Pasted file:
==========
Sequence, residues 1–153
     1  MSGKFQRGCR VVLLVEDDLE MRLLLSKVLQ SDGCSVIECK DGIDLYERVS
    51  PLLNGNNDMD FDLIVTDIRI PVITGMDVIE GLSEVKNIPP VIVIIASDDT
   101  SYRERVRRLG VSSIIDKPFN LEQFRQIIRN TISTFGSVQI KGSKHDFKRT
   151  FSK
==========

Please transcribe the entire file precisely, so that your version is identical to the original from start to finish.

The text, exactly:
Sequence, residues 1–153
     1  MSGKFQRGCR VVLLVEDDLE MRLLLSKVLQ SDGCSVIECK DGIDLYERVS
    51  PLLNGNNDMD FDLIVTDIRI PVITGMDVIE GLSEVKNIPP VIVIIASDDT
   101  SYRERVRRLG VSSIIDKPFN LEQFRQIIRN TISTFGSVQI KGSKHDFKRT
   151  FSK